Saturday, June 21, 2014

Guest Post by Lindsey Pogue (my co-author!): Writing Stories Is Like Eating Skittles, I Want To Taste The Rainbow

by Lindsey Pogue, Co-author of The Ending Series
Being a new-ish author, I feel like I’ve been treading water over the past few years, trying to navigate authorship-ism-ology to the best of my ability without drowning. There are plenty of things that are difficult about being an indie author, like marketing and book covers, editing and more marketing…If you want to produce high-quality work to the best of your ability, to get your work out there, gaining a loyal readership, then you’ve got to work hard at it. But that’s not necessarily the most difficult part of being an author.

Finding a niche is easy, for most people…
The most looming question of all is, which genre do I write for when I love reading them all? That might seem like an easy answer to some, but having a controversial series under my belt that’s gotten both rave and scathing reviews because it so delicately balances so many genres, has made me question where I stand as an author.

Other authors have told me to avidly read the genre I want to write so that it will make me a better writer, and so that I’ll understand what works well and all the key components to those types of stories. Well, I have seven bookshelves in my house chockfull of historical fiction, historical romance, contemporary romance, new adult, dystopian, science fiction, literary fiction, the list goes on. So, what do I do when my mind is a bottomless pit of possible story ideas that span the breadth of many genres? Yes, I’m fully aware this is a first-world problem, but it’s a problem for me nonetheless. I’m an author, I want to make my fans happy, just like all authors do.

YA? New Adult? Science-Fiction? Romance?
Until I actually started working on The Ending Series with my co-author and dear friend, Lindsey Fairleigh, I never saw myself writing science-fiction, let alone thought the first book I’d publish would ever be considered so; I never read science-fiction and had no interest in writing it. Obviously, things worked out much differently than expected.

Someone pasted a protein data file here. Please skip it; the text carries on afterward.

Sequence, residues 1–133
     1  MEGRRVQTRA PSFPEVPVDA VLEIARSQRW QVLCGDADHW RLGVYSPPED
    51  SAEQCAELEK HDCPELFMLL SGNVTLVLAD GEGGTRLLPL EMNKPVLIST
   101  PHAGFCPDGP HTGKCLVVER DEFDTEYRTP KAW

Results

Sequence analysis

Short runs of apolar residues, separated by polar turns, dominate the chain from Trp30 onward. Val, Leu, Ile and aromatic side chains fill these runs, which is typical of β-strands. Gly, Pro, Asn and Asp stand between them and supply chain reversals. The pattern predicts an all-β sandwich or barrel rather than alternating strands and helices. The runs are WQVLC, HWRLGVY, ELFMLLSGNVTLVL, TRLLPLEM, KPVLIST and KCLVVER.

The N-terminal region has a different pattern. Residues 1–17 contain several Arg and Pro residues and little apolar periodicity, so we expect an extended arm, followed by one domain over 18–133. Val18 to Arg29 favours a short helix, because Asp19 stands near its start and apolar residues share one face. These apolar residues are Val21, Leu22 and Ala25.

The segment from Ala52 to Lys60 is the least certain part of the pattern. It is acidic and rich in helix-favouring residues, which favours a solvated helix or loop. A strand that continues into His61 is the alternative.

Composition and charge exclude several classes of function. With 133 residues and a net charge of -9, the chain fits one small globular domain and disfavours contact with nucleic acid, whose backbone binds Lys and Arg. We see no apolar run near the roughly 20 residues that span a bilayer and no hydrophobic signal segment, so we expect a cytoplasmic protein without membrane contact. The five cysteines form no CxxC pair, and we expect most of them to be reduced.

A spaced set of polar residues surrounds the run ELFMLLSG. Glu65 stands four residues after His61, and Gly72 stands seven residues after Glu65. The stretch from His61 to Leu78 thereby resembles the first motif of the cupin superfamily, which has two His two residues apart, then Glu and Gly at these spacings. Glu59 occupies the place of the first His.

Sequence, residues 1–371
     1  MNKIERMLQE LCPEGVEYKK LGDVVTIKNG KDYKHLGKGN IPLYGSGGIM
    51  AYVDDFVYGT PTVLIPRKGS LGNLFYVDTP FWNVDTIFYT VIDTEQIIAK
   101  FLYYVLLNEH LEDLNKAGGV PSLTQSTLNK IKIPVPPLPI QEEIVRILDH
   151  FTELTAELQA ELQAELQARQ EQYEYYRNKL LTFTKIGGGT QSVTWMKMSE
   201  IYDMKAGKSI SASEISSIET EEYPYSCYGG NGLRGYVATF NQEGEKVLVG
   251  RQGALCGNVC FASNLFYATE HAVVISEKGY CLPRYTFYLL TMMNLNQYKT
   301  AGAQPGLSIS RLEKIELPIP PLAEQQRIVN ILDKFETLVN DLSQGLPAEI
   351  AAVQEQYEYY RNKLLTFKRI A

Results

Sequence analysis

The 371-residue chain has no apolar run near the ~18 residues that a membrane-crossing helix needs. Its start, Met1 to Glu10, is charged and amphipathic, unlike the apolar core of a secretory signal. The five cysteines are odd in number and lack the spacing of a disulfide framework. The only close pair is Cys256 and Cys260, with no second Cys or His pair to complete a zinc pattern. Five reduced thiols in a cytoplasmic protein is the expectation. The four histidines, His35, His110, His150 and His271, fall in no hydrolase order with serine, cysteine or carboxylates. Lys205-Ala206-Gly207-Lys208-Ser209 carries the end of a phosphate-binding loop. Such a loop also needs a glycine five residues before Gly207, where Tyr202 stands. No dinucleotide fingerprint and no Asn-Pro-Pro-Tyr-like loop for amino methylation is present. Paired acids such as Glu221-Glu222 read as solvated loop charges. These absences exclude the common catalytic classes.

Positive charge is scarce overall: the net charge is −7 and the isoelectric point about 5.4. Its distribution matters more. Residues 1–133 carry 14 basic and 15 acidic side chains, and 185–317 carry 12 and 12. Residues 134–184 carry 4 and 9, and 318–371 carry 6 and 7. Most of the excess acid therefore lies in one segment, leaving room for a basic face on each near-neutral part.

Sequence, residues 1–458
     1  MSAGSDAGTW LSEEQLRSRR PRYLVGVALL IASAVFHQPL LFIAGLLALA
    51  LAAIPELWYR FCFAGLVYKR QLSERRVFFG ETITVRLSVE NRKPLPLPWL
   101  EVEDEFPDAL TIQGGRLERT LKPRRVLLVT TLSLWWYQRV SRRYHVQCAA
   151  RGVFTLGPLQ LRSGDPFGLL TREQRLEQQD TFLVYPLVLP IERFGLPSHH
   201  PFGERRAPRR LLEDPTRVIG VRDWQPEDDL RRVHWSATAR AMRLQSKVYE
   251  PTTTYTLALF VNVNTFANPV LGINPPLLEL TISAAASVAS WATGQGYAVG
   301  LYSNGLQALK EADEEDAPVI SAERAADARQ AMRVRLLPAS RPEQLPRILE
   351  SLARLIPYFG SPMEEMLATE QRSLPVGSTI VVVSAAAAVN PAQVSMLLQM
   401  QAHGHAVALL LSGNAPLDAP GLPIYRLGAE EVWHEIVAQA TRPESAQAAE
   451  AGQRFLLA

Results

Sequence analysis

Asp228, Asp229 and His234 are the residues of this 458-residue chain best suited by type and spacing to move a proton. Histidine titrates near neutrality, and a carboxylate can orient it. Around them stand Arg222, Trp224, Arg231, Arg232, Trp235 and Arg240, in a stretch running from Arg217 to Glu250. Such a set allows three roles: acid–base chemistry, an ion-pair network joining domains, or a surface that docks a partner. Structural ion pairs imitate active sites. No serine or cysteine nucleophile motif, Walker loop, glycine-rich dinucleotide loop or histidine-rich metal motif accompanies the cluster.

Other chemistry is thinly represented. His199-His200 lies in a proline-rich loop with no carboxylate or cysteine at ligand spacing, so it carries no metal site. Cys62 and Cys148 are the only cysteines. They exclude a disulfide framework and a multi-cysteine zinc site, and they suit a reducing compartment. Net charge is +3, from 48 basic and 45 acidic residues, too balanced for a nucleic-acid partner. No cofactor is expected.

Three years, three books, and six novellas later, LF and I are writing our fourth and final installment in our emotionally charged, post-apocalyptic world of The Ending. Perhaps it’s because of our series’s inability to “fit” in anywhere that I am so curious about my own personal writing future. People equally love and hate After The Ending. The feedback is all over the board—it’s too emotional for sci-fi, it’s too girly and the content too young to be adult fiction, but the themes are too adult for YA…see where I’m going with this?

So, that poses the question I keep asking myself, what will I write next? Where will it fit in? Do I care? Yes, I care, but I know I shouldn’t let that stop me.

Writing stories is like eating Skittles, I want to taste the rainbow.
I’ve been writing all my life, completing my first YA manuscript when I was in high school. I was so proud of myself, thinking, oh yeah, this is my niche for sure! I’m gonna be a writer! Woot! Woot! Yeah, well, then my genre of choice changed, and I went completely off the path and ended up writing science fiction—romancey, new adult sci-fi, but sci-fi all the same. I still want to write them all—the fantastical and gritty real life—and just thinking about the possibilities gets my gears turning and revved up for my next writing adventure. Let me tell you, when your book doesn’t fit nicely into a package, you open yourself up to harsher reviews from people who were expecting one book but got another, and when it’s not cookie cutter, your book is much more difficult to market.

But, over the past year or so, I’ve realized something: nothing is black and white. There are tons of authors out there who write historical fiction and paranormal romance, erotica and thrillers. While it generally works out best if a story easily fits into a genre as I mentioned above, that won’t always be the case. So why have I been trying to box myself in? As far as I can tell, there is no single choice to be made if I want to be myself, to write what I’m passionate about.

So folks, apparently finding a niche in the writing world isn’t as easy for me as it is for other authors. But then, I’ve decided to give myself a break. I need to do what feels right. I don’t have to choose one single genre. I can be diverse as long as I can accept the can of worms that comes with it. After all, diversity is what makes good writers, right?

As long as there’s some romance, please.
Assuming that twenty years from now I’ve written stories across many genres and I’m still going strong, there’s one thing I know they’ll all have in common. Romance. YES! Nothing makes me happier than creating new brooding characters or jokesters or hotshots with cocky grins, and some of our fans most beloved characters are those very ones. This gives me hope and a strange sense of security that no matter what I decide to do, if they loved The Ending Series, people will enjoy all that comes next from LF and I as well.

If you’re interested in reading After The Ending and forming your own opinion on the matter, you’re in luck! It's on sale for 99 cents over at Amazon!

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